Consumer prices surged by much more than expected in June.
The Consumer Price Index rose 5.4 percent compared with a year ago, the Department of Labor said Thursday. On a monthly basis, the CPI rose 0.9 percent—nearly twice as much as expected.
Core inflation, which excludes the volatile food and energy categories, rose 0.9 compared with 12-months ago and 0.9 compared with May.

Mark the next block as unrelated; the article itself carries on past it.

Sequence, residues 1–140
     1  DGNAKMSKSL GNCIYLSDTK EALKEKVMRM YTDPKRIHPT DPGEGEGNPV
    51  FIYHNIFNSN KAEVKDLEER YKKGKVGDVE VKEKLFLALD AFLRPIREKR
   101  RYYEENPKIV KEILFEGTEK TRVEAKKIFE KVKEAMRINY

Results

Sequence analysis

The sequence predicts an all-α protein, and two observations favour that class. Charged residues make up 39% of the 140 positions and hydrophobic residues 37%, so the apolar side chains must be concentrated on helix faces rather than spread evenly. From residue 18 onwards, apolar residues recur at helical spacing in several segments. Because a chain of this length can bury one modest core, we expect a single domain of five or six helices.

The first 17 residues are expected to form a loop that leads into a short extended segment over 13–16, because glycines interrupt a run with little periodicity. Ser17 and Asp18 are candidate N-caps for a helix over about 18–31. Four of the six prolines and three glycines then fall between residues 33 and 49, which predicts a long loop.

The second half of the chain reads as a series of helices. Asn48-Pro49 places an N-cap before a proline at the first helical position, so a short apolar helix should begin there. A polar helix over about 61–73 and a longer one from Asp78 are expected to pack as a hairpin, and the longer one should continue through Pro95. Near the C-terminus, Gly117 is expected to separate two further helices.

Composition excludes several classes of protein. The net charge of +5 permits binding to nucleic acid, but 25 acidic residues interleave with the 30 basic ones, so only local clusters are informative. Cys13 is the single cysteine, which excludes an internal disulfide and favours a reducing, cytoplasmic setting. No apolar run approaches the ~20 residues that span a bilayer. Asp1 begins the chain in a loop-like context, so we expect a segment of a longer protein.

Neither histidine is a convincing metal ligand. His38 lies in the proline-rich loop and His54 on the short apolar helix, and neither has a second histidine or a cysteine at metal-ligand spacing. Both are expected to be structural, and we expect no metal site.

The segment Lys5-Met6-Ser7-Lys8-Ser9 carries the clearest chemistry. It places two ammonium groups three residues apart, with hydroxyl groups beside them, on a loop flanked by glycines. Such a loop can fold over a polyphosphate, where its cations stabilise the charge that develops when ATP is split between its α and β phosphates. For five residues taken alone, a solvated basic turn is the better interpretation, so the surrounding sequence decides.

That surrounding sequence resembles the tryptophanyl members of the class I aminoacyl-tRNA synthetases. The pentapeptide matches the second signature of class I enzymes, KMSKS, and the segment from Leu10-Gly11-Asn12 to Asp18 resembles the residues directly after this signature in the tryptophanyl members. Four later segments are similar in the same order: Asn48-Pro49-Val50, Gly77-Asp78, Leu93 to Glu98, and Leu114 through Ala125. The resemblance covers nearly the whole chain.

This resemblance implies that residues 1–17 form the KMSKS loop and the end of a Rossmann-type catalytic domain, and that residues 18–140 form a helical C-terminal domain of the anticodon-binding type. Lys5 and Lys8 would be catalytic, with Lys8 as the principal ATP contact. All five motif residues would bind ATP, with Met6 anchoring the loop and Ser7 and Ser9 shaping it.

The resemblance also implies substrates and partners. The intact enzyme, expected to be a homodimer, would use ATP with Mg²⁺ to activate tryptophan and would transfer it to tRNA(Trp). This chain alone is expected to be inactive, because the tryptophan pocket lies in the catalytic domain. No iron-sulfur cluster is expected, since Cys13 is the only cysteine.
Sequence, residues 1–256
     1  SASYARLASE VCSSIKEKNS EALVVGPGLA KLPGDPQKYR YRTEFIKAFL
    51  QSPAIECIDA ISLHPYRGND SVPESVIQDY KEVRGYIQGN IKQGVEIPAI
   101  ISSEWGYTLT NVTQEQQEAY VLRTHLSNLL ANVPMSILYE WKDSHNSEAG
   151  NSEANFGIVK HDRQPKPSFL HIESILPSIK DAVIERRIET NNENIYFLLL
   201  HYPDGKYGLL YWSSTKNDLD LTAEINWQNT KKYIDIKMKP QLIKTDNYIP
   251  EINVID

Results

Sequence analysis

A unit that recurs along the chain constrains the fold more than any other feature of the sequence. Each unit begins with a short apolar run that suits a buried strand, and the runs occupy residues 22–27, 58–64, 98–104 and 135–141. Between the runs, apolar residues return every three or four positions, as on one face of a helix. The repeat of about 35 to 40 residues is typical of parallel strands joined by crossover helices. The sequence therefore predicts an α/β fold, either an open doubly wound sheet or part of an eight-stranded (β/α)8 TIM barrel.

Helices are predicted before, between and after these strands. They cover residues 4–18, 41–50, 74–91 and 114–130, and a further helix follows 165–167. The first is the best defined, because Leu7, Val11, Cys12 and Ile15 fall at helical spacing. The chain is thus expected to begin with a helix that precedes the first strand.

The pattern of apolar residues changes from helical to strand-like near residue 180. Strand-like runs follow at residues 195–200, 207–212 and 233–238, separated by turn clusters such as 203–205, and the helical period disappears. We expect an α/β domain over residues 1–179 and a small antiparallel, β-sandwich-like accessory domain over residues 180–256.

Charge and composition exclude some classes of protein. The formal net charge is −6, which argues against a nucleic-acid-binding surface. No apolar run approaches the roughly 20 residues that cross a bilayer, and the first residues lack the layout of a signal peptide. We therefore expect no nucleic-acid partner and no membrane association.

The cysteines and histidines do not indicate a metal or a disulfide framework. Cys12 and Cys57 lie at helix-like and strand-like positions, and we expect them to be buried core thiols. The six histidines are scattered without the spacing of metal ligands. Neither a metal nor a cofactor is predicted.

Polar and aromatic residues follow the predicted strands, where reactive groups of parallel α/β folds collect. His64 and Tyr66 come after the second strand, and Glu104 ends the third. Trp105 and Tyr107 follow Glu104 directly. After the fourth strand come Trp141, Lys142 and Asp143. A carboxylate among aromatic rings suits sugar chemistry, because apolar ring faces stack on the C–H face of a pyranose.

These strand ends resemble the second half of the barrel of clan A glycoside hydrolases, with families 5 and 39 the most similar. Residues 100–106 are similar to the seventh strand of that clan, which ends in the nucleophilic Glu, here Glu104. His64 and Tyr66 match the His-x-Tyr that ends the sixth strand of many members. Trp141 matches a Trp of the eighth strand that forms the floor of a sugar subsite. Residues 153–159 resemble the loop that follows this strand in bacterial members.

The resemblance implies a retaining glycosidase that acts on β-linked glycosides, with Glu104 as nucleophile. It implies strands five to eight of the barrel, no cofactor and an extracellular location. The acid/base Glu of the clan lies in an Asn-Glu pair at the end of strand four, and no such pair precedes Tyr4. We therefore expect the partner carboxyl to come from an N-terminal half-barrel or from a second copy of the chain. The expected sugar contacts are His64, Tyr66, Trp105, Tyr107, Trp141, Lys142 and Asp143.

Economists had expected the Labor Department to report that consumer prices rose 0.5 percent in June compared with May, down a tick from the 0.6 percent initially reported in the previous month. The consensus forecast was for a 5.0 percent gain when measured against June of 2020, which would have been tied with May, the hottest reading since skyrocketing energy prices pushed up the index in the fall of 2008.J